|First episode date 1969|
Executive producer Paul Junger Witt
|Cast Jill Clayburgh|
|Awards Primetime Emmy Award for Outstanding Supporting Actor in a Drama Series|
Writers William Blinn, John D. F. Black, Don Mankiewicz, Fay Kanin
Nominations Primetime Emmy Award for Outstanding Lead Actor in a Drama Series
Similar The ABC Sunday Night Mo, Marcus Welby - MD, NBC Saturday Night at t, Killer Bees, The Mary Tyler Moore Sh
Paper man 1971
The ABC Movie of the Week was a weekly television anthology series, featuring made-for-TV movies, that aired on the ABC network in various permutations from 1969 to 1976, though ABC continued to premiere new TV films every Sunday prime time night until 2005.
- Paper man 1971
- Daughter of the mind 1969 full movie
- Original airtime
- Theme music
- TV series pilots
Daughter of the mind 1969 full movie
From 1961, prime time screenings of films from major motion picture studios had been a ratings success for all three television networks eventually leading to a demand for more films for 90-minute or two-hour time slots. The series was the brainchild of young executive Barry Diller, then head of prime time programming at ABC (and later a cofounder of the Fox network). Operating on a small budget ($400,000-$450,000 per film) but featuring the work of talented producers like Aaron Spelling and David Wolper (both of whom later developed hit series of their own), and different production companies such as Bing Crosby Productions and Aaron Spelling and Danny Thomas' production company, the Movie of the Week helped energize the made-for-TV movie format with fresh story concepts, veteran TV actors and potent production values. The attention-grabbing opening titles were designed and animated by Harry Marks using the same groundbreaking slit-scan process, or "stargate effect," that had been pioneered by Douglas Trumbull for 2001: A Space Odyssey.
The Movie of the Week provided ABC (long a distant third in the ratings) with a bona fide hit and, along with Monday Night Football, helped establish the network as a legitimate competitor to rivals CBS and NBC. The films themselves varied in quality and were often escapist or sensationalistic in nature (suspense, horror and melodrama were staples), but some were critically well received. For example, Duel (1971), based on a Richard Matheson short story from Playboy, was director Steven Spielberg's first feature film, catapulting his career and enabling him to move from television to theatrical films.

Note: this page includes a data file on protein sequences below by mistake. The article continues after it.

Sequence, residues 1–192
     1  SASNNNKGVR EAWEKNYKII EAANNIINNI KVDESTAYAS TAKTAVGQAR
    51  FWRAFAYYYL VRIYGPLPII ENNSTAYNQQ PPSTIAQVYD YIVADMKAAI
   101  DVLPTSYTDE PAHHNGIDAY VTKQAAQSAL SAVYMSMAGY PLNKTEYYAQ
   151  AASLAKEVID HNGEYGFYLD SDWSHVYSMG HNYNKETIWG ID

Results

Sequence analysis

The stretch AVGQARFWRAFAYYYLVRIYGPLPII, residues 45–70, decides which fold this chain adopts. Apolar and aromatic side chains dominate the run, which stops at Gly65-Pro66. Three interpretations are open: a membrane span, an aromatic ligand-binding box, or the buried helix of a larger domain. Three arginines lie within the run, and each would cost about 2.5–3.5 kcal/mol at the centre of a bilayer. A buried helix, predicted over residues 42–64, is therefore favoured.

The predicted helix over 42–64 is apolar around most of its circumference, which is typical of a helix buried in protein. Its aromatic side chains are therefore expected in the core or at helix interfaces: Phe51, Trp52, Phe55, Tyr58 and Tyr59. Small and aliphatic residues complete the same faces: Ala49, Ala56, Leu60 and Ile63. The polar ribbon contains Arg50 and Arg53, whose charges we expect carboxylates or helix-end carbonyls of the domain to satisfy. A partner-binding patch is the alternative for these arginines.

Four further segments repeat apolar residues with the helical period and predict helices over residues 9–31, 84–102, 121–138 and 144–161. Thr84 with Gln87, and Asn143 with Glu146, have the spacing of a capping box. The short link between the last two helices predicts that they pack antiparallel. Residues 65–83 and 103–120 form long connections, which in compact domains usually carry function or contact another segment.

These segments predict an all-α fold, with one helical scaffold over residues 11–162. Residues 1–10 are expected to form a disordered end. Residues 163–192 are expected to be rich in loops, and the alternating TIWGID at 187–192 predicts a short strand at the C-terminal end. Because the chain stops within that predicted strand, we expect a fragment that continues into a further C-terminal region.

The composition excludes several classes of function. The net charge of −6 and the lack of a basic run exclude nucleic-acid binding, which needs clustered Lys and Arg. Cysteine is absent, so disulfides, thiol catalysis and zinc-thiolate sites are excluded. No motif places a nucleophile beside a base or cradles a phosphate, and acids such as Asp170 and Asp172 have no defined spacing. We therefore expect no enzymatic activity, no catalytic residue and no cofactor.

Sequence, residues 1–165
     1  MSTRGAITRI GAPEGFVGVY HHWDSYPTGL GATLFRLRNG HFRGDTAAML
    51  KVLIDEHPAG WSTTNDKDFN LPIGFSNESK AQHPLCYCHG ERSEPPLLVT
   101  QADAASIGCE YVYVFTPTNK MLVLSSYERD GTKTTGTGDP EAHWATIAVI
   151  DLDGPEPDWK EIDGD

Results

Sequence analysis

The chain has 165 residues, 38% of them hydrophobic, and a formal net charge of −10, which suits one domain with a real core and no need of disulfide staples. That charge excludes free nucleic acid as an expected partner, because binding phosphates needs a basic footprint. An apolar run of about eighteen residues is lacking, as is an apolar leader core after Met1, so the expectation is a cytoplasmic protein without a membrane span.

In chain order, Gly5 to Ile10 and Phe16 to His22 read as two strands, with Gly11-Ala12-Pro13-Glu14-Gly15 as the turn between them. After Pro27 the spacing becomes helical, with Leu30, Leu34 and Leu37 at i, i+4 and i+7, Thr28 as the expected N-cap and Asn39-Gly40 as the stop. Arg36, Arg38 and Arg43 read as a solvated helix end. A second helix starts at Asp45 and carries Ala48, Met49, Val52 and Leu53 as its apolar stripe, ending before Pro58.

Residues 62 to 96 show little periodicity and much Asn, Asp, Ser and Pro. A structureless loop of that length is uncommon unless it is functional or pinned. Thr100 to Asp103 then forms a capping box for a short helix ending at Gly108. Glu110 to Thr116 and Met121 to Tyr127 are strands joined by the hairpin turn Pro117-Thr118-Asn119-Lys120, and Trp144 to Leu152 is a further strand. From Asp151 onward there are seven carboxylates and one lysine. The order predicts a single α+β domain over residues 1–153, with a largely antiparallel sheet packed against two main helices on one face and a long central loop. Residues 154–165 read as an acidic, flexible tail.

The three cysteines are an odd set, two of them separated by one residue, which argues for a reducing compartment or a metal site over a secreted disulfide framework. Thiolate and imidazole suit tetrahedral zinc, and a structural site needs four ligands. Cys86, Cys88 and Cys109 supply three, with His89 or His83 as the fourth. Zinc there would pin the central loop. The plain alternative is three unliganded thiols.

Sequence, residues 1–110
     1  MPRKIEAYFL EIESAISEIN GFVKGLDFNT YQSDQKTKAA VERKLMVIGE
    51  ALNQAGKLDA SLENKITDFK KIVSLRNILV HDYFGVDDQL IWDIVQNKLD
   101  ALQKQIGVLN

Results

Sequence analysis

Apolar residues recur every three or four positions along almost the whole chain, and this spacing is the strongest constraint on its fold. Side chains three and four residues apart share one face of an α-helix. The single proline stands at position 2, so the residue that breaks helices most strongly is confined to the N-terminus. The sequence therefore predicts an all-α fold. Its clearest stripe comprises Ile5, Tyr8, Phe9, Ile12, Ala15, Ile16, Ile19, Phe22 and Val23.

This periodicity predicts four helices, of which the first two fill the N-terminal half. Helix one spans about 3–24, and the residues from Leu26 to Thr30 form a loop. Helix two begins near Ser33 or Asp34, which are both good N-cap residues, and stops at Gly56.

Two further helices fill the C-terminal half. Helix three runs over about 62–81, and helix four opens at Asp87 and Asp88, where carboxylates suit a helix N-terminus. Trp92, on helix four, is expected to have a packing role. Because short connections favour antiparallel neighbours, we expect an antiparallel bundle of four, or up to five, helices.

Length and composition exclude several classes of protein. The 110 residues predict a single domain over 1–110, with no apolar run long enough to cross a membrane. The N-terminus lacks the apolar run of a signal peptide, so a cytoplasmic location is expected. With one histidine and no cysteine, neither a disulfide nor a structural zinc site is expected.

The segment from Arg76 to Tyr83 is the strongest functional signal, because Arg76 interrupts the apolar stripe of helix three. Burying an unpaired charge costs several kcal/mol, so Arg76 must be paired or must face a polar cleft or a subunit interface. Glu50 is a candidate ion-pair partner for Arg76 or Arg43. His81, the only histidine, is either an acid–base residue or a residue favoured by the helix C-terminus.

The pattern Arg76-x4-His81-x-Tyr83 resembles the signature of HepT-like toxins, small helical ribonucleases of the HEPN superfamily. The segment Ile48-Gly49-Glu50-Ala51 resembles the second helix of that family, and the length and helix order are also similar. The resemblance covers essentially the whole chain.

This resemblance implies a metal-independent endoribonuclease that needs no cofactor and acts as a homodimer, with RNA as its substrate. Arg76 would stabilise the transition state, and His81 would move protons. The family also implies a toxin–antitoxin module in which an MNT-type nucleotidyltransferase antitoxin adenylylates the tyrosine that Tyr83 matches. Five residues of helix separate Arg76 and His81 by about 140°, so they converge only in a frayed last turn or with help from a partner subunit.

The "alphabet network" earned five Emmys, a prestigious Peabody Award and citations from the NAACP and American Cancer Society for an airing of Brian's Song in 1972. The 1971-1972 season of the series finished as the fifth highest rated series of the year.
The Movie of the Week originally aired on Tuesday nights at 8:30 pm Eastern/7:30 pm Central. Beginning with the 1971 season, ABC added a second Movie of the Week on Saturday night and adjusted the titles of the shows to the Movie of the Week and Movie of the Weekend. The following season, the Saturday installment was moved to Wednesday night, and the titles were adjusted to Tuesday Movie of the Week and Wednesday Movie of the Week. The opening for the Saturday Movie of the Weekend featured footage of a silhouetted "rotating cameraman" operating a 35 mm movie camera (). This footage would later be incorporated into the opening of ABC's New York City television station WABC-TV's various movie umbrellas beginning around 1972-1973, including and especially their weekday afternoon movie showcase The 4:30 Movie.
During the 1973-74 season, ABC added another movie on Saturday nights to their schedule, this time titled the ABC Suspense Movie, and usually consisting of thriller, mystery and horror type films (some of which were reruns of movies which had originally aired as Movies of the Week).
The Movie of the Week theme music was an orchestral version of "Nikki", a song composed by Burt Bacharach and named for his daughter. The theme was arranged and performed by Harry Betts.
TV series pilots
The series was often used as a platform to show pilots for possible series for the network. Shows such as Kung Fu, The Six Million Dollar Man, Starsky and Hutch, Longstreet, Alias Smith and Jones and Marcus Welby, M.D. premiered here.
The series proper ended in 1976. After that, ABC's made-for-TV movies were either aired as stand-alone specials or shown in series that included both original and theatrical movie presentations. The Tuesday Movie of the Week would later be incorporated as part of ABC Late Night, a replacement of ABC's Wide World of Entertainment that ran from 1976 to 1982; the late-night version would mainly feature repeats of movies, both made for television and traditional theatrical releases, that were previously seen on ABC and other networks. The series was documented by Michael Karol in his 2005 book, The ABC Movie of the Week Companion, which was updated in 2008 (ISBN 1-60528-023-2).